4. Glue your punched out circle in matching paper over the tabs to secure the topper in place.
finished boxes
The finished boxes

Once you have made all of your boxes, fill them up with just about anything! I got some Reese’s Peanut Butter Hearts for mine but there are so many choices for Valentine candy that you could fill each box with a different thing if you wanted to! I hope you enjoy this little project, post a picture of your creations on the Created By Jess Facebook page!

boxes with candy
Boxes filled with Peanut Butter Hearts

Click below for the .pdf templates and box topper artwork.





Halloween Candy Boxes

candyboxesHere are a couple of fun Halloween themed candy boxes that I made. I would like to share these with my fellow crafters as a way to say “Happy Halloween”! There are links at the bottom of this post to download .pdf versions of the candy boxes as well as a .pdf guide to score the folds and cut out the boxes.

Front of Chocolate Box
Back of Chocolate Box
Back of Chocolate Box

This Dracula themed box has the funny product name “Iron Count” because dark chocolate is a good source of iron! The back of the box has a lovely quote from Dracula himself, a perfect Halloween greeting. This box is the perfect size for large chocolate bars. I like the Lindt Chocolate bars because you can easily take the foil wrapped bar out of the original box and slip it into the custom made box, plus they come in lots of flavors and are available everywhere. I used a thicker cardstock but because the chocolate bar is rigid you can probably get away with regular paper.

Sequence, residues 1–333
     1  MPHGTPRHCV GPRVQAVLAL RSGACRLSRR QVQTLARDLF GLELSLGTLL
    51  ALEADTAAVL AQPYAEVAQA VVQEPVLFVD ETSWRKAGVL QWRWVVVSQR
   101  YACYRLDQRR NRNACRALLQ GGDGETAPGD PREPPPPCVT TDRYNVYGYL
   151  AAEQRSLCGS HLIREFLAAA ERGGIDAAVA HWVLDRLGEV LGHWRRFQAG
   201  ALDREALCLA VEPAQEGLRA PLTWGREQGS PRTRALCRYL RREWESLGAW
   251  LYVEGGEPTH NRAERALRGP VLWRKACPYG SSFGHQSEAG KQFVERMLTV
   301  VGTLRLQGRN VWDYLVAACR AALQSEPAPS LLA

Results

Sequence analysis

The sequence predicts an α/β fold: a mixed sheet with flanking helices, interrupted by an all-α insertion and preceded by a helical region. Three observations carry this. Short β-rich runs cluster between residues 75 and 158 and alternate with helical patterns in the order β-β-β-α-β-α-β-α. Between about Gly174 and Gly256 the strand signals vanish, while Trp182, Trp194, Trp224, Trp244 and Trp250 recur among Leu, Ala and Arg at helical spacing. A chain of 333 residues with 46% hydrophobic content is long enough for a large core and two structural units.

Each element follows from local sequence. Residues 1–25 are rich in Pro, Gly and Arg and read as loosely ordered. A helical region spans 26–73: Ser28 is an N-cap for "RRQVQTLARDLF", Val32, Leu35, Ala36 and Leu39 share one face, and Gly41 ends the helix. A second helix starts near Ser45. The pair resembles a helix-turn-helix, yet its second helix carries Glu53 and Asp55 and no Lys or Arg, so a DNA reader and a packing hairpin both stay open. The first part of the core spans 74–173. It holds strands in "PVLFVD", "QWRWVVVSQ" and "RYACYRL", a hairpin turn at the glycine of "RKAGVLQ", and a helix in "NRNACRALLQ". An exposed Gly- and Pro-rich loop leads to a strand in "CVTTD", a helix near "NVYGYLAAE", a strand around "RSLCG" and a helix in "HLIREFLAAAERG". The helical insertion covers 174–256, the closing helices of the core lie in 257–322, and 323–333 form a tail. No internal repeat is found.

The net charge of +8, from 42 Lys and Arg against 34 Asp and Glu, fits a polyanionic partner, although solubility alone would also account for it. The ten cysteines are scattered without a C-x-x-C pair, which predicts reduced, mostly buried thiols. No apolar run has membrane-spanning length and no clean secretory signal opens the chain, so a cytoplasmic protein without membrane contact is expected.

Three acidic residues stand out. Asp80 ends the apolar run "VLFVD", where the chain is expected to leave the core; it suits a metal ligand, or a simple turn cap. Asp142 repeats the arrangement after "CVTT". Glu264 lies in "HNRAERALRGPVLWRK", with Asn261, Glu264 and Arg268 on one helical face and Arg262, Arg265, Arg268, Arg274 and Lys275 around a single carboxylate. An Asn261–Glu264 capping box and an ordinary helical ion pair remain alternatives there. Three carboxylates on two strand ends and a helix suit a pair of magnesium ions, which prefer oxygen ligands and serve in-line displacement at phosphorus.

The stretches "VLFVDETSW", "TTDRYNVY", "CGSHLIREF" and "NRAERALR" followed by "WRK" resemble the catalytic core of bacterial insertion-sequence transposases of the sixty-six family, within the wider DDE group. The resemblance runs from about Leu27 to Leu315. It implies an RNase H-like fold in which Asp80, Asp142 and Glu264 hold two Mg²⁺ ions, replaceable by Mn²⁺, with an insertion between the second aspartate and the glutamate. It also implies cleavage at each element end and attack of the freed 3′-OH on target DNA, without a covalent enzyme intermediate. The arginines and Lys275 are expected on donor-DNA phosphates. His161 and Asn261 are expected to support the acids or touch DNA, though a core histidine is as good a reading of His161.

Candy Corn Box
Front of Candy Corn Box
Back of Candy Corn Box
Back of Candy Corn Box

“Candied Corn” makes a great Halloween gift when dressed up in this little black box! A dapper Pumpkin Man adorns the front of the box along with a cut-out window to see inside. The back of the box has a cheery Halloween greeting surrounding an adorable owl. You probably want to print these on a heavier cardstock because the candy corn isn’t light! I’ve added a .pdf version with a light gray background for those who want to print multiple boxes, I know ink is a precious commodity!


  • Print the box artwork and the box guide
  • Place the guide on top, and line up the cross marks with the page below (hold up to a window, lightbox, or lamp when using thicker paper)
  • Tape pages together (optional)
  • Place on cutting mat and score the dotted lines, these are where the folds will be
  • Cut along the outside solid line get your box shape
  • Fold Box and glue/tape the side flap under the back of the box